facebook
twitter
search
search

Bear Stearns clients sue rating agencies

Nov. 11, 2013 at 1:55 PM
| License Photo

NEW YORK, Nov. 11 (UPI) -- The big three U.S. credit rating firms misled investors by giving risky mortgage bonds high ratings, a lawsuit filed in New York claims.

The lawsuit was filed on behalf of Bear Stearns clients who invested in mortgage bonds sold by two Bear Stearns hedge funds.

The bonds were highly rated by Moody's Investors Service, Standard & Poor's or Fitch Ratings just before the financial crisis of 2008.

Bear Stearns collapsed in 2007 -- one of the early victims of the financial crisis.

The New York Times reported Monday that lawyers have filed a 141-page complaint that includes a significant number of emails that indicate the rating services knew they were proving high ratings for risky bonds simply because there were lucrative fees involved.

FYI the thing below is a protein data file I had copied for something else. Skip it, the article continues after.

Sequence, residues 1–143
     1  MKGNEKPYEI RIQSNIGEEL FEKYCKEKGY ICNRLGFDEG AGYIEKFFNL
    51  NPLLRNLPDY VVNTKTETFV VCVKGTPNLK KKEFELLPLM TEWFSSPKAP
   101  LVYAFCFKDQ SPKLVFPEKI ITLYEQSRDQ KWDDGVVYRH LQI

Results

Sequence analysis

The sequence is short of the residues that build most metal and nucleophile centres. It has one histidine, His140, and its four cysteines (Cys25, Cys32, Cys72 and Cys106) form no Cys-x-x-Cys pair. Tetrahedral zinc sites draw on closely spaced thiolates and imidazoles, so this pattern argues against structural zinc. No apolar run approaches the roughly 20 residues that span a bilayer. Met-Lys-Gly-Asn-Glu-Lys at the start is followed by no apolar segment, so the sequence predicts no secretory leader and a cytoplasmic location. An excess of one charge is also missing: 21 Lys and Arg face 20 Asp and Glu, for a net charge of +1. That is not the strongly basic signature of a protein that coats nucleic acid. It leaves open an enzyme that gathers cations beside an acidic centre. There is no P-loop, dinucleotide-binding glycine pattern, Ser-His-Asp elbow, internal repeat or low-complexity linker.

"We sold our soul to the devil for revenue," one email written by a Moody's employee says.

One written by an S&P employee calls the rating system a "scam." Another, dating in 2007, from an S&P employee says, "It could be structured by cows and we would rate it."

The Times said that the two managers of the funds, Ralph Cioffi and Matthew Tanin, were found not guilty of fraud in a civil case. In a second case, Cioffi and Tanin both settled allegations from regulators without admitting any wrongdoing.

Like Us on Facebook for more stories from UPI.com  
Related UPI Stories
Latest Headlines
Top Stories
Shoot-from-the-hip, around corner sighting capability unveiled
Bleak outlook for oil has Russian investors pulling back
Airbus Helicopters announces factory acceptance of training aircraft
Oil prices off slightly after China stock market decline
Rhode Island to get offshore wind farm